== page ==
Defined benefit pensions are perhaps the single most expensive and cumbersome benefit to provide employees—so do they matter?
(March 7, 2013) - The world's 50 most admired companies—according to Fortune magazine—bring plenty of employee perks to the table: Free food (Google), sunny locales (Apple, Walt Disney), fat paychecks (Goldman Sachs), steep clothing discounts (Nordstrom).
But what about the traditional gold standard in employee benefits: retirement income for life?
Operating an open defined benefit (DB) pension plan does not, statistically speaking, appear to either help or hurt a company's chances of ranking among the 'Most Admired.' Fourteen of the companies listed (28%) offer the benefit to new US employees. Of the 100 largest companies in the United States, nearly the same proportion (30%) had open DB schemes as of 2012, according to Towers Watson data.
Both of those figures may well be lower for Fortune's 2014 list. Some of the list's plan sponsors have been actively attempting to close their schemes to new members or shift towards defined contribution schemes, including BMW, Boeing, and Coca-Cola.
As plan sponsors dwindle, however, a core group has come to see defined retirement benefits as defining features of their corporations—not deadweight.
Mike Archer, a senior consultant and actuary at Towers Watson, told aiCIO not to expect a DB-free 'Most Admired' list anytime soon: "I don't think the symbolism of a DB plan is dead. I've spoken to a number of large corporations with DB plans lately, and those employers point to their plans as a differentiator. That is not to say that companies' stances might not change in the future. But, they see their ability to continue providing that benefit as something that sets them apart, and allows them to attract and retain top talent."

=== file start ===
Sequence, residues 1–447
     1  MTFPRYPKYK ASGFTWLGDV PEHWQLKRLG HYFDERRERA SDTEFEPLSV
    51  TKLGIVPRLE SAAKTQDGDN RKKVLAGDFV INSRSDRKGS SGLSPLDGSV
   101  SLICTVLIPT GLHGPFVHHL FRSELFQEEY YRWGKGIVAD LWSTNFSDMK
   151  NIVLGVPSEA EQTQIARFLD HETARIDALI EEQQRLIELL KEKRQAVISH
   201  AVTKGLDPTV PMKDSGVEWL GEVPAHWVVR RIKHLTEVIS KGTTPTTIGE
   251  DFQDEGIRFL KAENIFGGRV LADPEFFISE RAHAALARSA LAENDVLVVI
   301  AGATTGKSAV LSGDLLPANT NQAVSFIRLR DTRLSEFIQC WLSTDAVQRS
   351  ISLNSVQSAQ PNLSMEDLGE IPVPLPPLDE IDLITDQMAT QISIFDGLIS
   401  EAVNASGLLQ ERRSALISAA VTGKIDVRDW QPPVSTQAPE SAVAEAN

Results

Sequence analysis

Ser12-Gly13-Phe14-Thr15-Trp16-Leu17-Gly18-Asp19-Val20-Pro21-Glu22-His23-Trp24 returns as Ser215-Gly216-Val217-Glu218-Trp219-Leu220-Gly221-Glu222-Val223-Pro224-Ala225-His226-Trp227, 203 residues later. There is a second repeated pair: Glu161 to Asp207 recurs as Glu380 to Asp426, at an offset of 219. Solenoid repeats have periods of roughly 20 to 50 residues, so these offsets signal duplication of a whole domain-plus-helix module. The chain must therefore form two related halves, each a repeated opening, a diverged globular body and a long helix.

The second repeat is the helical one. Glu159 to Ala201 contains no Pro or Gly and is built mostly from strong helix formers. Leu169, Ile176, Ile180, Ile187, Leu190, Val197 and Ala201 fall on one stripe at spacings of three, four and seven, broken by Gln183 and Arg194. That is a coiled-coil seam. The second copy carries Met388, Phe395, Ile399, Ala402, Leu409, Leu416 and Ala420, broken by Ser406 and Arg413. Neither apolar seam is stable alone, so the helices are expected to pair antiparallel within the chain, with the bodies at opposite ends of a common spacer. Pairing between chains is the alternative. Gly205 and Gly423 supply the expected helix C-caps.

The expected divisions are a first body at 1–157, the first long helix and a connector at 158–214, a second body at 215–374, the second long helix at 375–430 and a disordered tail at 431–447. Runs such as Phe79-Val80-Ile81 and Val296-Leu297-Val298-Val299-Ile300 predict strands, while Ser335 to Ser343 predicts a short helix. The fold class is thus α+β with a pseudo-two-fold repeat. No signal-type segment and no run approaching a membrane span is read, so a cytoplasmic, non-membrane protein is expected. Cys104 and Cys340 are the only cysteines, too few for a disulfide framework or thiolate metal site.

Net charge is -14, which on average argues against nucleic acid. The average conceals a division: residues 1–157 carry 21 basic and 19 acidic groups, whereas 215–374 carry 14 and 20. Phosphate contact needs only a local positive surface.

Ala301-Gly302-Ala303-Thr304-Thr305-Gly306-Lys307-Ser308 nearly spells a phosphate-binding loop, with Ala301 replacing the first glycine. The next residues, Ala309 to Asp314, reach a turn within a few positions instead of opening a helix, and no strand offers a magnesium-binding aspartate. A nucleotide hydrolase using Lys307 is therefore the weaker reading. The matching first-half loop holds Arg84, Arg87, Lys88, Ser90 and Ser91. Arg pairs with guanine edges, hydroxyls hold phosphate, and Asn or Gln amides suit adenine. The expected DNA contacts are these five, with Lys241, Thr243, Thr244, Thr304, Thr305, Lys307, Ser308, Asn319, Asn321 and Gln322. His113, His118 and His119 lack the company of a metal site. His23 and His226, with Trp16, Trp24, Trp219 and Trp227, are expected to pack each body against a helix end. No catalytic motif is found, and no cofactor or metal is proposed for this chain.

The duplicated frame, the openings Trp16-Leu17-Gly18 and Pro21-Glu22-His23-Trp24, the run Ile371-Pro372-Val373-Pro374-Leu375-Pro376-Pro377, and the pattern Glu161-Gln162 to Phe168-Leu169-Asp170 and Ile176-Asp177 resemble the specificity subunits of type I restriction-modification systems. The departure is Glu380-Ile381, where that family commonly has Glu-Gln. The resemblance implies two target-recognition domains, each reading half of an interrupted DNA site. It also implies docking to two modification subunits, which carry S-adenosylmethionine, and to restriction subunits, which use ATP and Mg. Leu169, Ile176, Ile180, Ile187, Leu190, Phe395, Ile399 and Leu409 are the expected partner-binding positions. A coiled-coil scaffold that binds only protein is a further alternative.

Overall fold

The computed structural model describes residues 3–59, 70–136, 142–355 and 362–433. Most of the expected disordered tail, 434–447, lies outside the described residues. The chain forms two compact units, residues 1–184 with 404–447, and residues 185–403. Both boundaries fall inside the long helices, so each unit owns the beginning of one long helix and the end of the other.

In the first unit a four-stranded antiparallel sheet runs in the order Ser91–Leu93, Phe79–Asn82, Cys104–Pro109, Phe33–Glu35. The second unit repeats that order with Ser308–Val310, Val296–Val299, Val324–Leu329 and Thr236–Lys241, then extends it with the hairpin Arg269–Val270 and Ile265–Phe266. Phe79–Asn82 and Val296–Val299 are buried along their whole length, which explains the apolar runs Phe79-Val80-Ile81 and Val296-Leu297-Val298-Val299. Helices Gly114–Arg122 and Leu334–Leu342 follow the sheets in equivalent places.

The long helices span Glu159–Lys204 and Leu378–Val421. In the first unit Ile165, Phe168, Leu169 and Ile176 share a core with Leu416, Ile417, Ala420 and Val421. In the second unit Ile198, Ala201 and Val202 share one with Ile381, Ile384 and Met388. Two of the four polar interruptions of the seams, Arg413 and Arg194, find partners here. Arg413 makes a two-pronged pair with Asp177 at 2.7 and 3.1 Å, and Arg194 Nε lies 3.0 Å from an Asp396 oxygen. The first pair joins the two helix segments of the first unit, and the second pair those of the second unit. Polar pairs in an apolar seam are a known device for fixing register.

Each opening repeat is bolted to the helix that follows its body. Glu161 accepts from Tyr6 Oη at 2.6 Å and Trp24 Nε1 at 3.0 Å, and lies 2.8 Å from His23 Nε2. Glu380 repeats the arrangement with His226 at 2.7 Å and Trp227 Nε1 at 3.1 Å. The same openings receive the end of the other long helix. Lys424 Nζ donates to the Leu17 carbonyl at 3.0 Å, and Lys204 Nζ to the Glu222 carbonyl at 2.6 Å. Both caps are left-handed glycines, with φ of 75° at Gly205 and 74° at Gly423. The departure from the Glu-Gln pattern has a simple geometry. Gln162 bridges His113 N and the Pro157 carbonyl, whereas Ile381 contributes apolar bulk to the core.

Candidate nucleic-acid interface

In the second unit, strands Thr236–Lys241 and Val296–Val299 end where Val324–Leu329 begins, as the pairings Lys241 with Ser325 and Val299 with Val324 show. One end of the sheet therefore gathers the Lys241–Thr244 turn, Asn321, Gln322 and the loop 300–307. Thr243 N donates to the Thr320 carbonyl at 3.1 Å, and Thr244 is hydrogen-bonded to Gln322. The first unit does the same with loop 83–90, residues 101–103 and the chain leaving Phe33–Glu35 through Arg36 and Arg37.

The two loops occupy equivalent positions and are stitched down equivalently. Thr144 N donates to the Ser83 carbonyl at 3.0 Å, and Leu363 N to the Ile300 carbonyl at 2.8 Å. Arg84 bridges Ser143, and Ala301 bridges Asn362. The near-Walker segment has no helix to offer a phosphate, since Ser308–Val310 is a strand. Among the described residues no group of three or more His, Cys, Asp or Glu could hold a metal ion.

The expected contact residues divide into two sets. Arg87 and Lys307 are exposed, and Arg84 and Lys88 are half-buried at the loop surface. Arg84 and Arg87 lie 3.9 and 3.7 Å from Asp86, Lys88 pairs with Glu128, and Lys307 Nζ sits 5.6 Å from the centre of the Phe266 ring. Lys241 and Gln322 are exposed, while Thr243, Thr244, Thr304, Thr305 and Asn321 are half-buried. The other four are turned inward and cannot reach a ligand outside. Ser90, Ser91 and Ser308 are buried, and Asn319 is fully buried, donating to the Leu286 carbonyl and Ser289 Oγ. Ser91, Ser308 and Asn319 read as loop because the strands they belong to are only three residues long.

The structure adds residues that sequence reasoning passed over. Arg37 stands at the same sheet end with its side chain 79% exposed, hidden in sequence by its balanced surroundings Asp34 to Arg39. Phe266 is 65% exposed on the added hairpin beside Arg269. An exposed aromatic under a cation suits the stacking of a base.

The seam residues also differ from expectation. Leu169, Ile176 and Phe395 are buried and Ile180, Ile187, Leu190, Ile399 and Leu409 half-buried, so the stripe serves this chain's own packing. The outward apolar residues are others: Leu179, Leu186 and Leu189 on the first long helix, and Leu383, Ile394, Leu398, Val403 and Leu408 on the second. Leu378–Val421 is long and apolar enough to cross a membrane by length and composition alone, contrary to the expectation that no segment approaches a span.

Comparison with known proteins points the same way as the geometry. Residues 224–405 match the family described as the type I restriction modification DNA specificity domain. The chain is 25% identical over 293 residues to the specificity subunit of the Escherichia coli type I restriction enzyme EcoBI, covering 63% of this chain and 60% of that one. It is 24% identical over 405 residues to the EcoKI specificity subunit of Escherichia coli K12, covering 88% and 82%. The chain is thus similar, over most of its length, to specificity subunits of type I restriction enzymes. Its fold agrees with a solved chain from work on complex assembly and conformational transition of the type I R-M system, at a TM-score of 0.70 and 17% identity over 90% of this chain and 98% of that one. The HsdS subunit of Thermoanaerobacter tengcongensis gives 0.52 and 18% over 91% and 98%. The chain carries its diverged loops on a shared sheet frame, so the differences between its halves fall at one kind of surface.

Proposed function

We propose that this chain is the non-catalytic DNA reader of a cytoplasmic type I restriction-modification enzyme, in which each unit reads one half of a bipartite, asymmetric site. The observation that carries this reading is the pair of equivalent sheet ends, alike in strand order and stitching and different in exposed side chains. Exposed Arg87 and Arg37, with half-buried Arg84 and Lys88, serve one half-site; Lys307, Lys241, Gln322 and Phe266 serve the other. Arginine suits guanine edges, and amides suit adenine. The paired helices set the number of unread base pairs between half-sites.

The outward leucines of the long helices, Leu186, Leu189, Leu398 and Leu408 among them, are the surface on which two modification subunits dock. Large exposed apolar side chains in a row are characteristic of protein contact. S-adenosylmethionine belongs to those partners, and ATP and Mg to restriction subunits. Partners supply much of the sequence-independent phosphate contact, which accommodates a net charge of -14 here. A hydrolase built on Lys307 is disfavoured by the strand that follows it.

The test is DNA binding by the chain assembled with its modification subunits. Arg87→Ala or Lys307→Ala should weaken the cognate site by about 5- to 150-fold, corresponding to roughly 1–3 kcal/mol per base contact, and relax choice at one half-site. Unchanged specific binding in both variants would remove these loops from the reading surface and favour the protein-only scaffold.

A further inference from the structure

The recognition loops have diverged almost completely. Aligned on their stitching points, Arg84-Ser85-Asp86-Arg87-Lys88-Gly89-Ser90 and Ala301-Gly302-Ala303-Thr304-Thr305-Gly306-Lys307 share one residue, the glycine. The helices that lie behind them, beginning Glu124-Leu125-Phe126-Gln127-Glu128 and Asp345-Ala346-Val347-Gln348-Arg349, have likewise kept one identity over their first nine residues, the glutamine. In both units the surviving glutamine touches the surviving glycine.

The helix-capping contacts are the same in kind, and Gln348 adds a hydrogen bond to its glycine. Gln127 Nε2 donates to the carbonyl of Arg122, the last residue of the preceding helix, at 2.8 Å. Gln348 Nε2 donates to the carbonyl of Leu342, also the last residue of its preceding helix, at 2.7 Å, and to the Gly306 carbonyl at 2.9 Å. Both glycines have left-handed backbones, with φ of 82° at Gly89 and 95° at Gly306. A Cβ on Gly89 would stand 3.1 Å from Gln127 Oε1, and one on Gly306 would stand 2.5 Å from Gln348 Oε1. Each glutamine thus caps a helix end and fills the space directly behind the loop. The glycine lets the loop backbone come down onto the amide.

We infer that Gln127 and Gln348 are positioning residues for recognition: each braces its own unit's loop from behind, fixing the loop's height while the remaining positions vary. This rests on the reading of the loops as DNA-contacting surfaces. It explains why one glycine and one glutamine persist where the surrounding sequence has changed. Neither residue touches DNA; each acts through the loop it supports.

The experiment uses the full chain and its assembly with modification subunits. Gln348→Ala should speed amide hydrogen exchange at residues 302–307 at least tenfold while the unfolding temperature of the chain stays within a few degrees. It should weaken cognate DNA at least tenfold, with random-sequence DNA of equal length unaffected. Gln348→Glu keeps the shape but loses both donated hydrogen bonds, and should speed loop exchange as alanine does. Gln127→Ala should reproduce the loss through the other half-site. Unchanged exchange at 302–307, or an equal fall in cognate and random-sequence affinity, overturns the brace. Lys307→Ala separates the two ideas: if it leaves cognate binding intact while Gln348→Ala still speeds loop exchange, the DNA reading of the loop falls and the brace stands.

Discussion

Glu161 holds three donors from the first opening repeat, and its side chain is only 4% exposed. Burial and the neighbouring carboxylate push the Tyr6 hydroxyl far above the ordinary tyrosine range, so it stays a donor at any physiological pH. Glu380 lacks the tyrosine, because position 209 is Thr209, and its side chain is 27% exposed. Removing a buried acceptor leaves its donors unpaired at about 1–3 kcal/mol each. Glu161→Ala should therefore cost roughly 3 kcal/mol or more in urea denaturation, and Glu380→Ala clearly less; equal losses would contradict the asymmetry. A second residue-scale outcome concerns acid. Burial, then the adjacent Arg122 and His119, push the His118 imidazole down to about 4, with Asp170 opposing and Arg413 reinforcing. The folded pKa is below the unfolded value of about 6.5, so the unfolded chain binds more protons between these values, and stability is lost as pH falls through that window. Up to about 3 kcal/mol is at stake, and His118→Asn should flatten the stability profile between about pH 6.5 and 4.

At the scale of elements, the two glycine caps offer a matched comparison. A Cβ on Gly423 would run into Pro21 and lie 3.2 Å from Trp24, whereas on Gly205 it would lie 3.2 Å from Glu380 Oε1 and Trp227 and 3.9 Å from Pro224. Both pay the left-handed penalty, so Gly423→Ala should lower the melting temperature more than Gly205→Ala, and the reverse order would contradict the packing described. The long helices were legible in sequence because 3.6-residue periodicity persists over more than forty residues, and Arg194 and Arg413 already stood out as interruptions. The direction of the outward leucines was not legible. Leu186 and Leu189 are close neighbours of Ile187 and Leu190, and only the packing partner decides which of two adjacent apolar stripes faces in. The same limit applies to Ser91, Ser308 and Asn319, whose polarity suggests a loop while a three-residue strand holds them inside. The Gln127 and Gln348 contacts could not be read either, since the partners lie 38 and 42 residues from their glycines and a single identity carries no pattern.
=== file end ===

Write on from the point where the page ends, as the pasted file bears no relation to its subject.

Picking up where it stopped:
That said, Archer felt that for the companies on Fortune's list, pension status probably had an "indirect impact, at best," on getting them there. "To be on that list, they have to do a good job of attracting, retaining and engaging employees. But if you look at a list of companies that employees most want to work for, I think there's a more direct connection with DB plans."
Indeed, a 2012 survey by Archer's firm found that nearly three quarters (72%) of employees cited their retirement plans as strong incentives to stay with their employers. Even among younger workers (those under 40) at DB-sponsoring firms, 63% said that the retirement plan was an important factor in accepting their job.
"Another thing to keep in mind about the list," Archer pointed out, "is that it's based on a survey of businesses: They may not even know if these companies have DB plans or not."
Fortune's survey partner asked 3,800 respondents from major US and international companies select the top 10 large companies they admired most from a list of last year's winners and industry leaders. The table below is based on information from the Pension Benefit Guaranty Corporation, filings with the US Securities and Exchange Commission, Towers Watson research, and from the firms themselves.
In the table, 'Closed' refers to companies with DB plans that are not open to new employees in the US as of the most recent available information. Some have been officially shuttered, and others, such as Goldman Sachs', are frozen. —Leanna Orr